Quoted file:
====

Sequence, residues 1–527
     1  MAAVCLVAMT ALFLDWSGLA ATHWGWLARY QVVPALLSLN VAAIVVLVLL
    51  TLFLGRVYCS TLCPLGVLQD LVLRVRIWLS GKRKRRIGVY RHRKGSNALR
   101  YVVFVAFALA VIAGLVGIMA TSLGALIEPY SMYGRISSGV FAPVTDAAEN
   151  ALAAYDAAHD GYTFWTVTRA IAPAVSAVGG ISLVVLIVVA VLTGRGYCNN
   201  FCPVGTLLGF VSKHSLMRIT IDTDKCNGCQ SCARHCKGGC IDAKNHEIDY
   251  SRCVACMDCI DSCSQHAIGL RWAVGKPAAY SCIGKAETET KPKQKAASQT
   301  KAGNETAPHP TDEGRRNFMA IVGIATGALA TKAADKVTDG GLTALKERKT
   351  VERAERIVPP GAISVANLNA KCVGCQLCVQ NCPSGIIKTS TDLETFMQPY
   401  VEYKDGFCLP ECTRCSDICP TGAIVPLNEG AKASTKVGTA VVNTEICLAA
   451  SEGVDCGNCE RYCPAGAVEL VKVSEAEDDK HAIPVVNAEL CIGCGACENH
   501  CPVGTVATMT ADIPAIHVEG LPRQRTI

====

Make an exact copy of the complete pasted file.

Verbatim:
Sequence, residues 1–527
     1  MAAVCLVAMT ALFLDWSGLA ATHWGWLARY QVVPALLSLN VAAIVVLVLL
    51  TLFLGRVYCS TLCPLGVLQD LVLRVRIWLS GKRKRRIGVY RHRKGSNALR
   101  YVVFVAFALA VIAGLVGIMA TSLGALIEPY SMYGRISSGV FAPVTDAAEN
   151  ALAAYDAAHD GYTFWTVTRA IAPAVSAVGG ISLVVLIVVA VLTGRGYCNN
   201  FCPVGTLLGF VSKHSLMRIT IDTDKCNGCQ SCARHCKGGC IDAKNHEIDY
   251  SRCVACMDCI DSCSQHAIGL RWAVGKPAAY SCIGKAETET KPKQKAASQT
   301  KAGNETAPHP TDEGRRNFMA IVGIATGALA TKAADKVTDG GLTALKERKT
   351  VERAERIVPP GAISVANLNA KCVGCQLCVQ NCPSGIIKTS TDLETFMQPY
   401  VEYKDGFCLP ECTRCSDICP TGAIVPLNEG AKASTKVGTA VVNTEICLAA
   451  SEGVDCGNCE RYCPAGAVEL VKVSEAEDDK HAIPVVNAEL CIGCGACENH
   501  CPVGTVATMT ADIPAIHVEG LPRQRTI